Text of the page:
A compelling investigation into supernatural events and local lore on Vancouver Island.
Vancouver Island is known worldwide for its arresting natural beauty, but those who live here know that it is also imbued with a palpable supernatural energy. Researcher Shanon Sinn found his curiosity piqued by stories of mysterious sightings on the island—ghosts, sasquatches, sea serpents—but he was disappointed in the sensational and sometimes disrespectful way they were being retold or revised. Acting on his desire to transform these stories from unsubstantiated gossip to thoroughly researched accounts, Sinn uncovered fascinating details, identified historical inconsistencies, and now retells these encounters as accurately as possible.
Investigating 25 spellbinding tales that wind their way from the south end of the island to the north, Sinn explored hauntings in cities, in the forest, and on isolated logging roads. In addition to visiting castles, inns, and cemeteries, he followed the trail of spirits glimpsed on mountaintops, beaches, and water, and visited Heriot Bay Inn on Quadra Island and the Schooner Restaurant in Tofino to personally scrutinize reports of hauntings. Featuring First Nations stories from each of the three Indigenous groups who call Vancouver Island home—the Coast Salish, the Nuu-chah-nulth, and the Kwakwaka’wakw—the book includes an interview with Hereditary Chief James Swan of Ahousaht.
About the author
Shanon Sinn is a member of British Columbia Ghosts & Hauntings Research Society (BCGHRS), Paranormal Studies and Inquiries Canada (PSICAN), and he researches folklore and hauntings from a journalistic perspective. Sinn is also an infantry veteran, aspiring photographer, forager, and stand-up paddle boarder. He is currently enrolled in the Vancouver Island University Creative Writing Program, and was recently awarded the Barry Broadfoot Award for Journalism. Find out more about him at ShanonSinn.com.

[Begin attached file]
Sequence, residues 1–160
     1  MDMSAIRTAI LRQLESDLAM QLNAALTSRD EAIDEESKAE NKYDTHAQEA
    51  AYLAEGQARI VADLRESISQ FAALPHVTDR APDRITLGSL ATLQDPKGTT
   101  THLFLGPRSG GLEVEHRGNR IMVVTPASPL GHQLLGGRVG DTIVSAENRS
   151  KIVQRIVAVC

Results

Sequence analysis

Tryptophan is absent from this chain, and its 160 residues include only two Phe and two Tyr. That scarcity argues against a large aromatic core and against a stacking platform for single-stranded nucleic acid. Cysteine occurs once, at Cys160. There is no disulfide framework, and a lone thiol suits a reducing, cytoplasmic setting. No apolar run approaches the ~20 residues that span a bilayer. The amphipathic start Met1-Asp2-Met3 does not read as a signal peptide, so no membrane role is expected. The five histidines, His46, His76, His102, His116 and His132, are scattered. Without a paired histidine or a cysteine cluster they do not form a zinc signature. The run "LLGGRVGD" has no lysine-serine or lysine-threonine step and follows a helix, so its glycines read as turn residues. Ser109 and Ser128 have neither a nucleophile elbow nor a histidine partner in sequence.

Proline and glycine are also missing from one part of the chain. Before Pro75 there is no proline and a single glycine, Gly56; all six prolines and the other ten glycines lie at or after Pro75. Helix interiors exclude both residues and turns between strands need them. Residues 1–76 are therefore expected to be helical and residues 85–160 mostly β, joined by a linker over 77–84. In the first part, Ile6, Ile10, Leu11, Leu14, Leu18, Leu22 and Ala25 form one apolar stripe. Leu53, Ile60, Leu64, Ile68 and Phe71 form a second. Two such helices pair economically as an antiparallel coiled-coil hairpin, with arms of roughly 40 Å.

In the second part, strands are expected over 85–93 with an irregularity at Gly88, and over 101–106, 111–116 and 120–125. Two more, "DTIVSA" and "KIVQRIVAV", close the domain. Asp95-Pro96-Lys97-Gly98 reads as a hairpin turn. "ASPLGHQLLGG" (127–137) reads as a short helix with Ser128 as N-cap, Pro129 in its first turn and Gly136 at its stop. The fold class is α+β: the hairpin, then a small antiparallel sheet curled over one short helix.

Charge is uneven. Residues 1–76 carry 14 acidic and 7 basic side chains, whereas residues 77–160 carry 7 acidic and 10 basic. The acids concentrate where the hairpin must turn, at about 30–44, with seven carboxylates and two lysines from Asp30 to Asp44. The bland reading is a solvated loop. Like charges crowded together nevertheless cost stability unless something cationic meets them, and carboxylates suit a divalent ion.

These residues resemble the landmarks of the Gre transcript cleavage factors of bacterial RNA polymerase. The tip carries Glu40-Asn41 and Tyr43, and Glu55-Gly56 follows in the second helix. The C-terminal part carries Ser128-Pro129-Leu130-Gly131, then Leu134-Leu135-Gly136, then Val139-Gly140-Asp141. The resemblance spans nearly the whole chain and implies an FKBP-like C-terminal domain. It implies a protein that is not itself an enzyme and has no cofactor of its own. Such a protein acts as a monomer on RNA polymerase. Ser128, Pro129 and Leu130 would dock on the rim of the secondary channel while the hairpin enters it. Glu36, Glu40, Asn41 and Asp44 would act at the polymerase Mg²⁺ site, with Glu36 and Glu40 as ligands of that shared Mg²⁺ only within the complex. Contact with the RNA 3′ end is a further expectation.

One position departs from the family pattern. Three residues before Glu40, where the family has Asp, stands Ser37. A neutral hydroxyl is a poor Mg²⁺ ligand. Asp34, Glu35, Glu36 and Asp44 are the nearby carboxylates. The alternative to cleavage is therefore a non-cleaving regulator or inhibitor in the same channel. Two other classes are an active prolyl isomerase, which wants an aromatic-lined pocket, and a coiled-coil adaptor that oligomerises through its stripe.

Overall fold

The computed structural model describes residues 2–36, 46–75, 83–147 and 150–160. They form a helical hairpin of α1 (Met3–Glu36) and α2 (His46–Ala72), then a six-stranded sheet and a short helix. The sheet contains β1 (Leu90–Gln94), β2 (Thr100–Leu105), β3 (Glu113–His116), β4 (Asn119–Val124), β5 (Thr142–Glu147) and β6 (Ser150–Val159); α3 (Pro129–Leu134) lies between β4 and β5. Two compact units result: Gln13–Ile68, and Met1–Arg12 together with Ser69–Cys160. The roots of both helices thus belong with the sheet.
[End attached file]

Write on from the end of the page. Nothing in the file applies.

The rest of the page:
"Sinn offers a grounded approach to understanding how the folklore developed. He is also out to bust some myths. That is, to distinguish fact from fiction and not be afraid to hurt some feelings along the way."
Otaku No Culture blog
"Excellent." —Greg P. Mansfield, author of Ghosts of Vancouver
Greg P. Mansfield, author of <i>Ghosts of Vancouver</i>
"I really encourage everyone to pick up the book. There are a lot of great stories, a lot of great history, and again, things you're just not going to find anywhere . . . it's all really fascinating."
The Ghost Story Guys Podcast
"Sinn starts each chapter with a moody and poetic paragraph – one that whisks the reader straight into another eerie dimension altogether. It is here that the writing becomes enthralling; it is as though Sinn knows something that the rest of us do not. The reader is pulled into the unsettling scene, and left there to wonder. It’s both chilling . . . and wonderful." —Carol Anne Shaw, The Ormsby Review
The Ormsby Review
Does a headless woman haunt Mt. Sicker? The Cowichan Valley Citizen gets the scoop from Shanon Sinn.
Cowichan Valley Citizen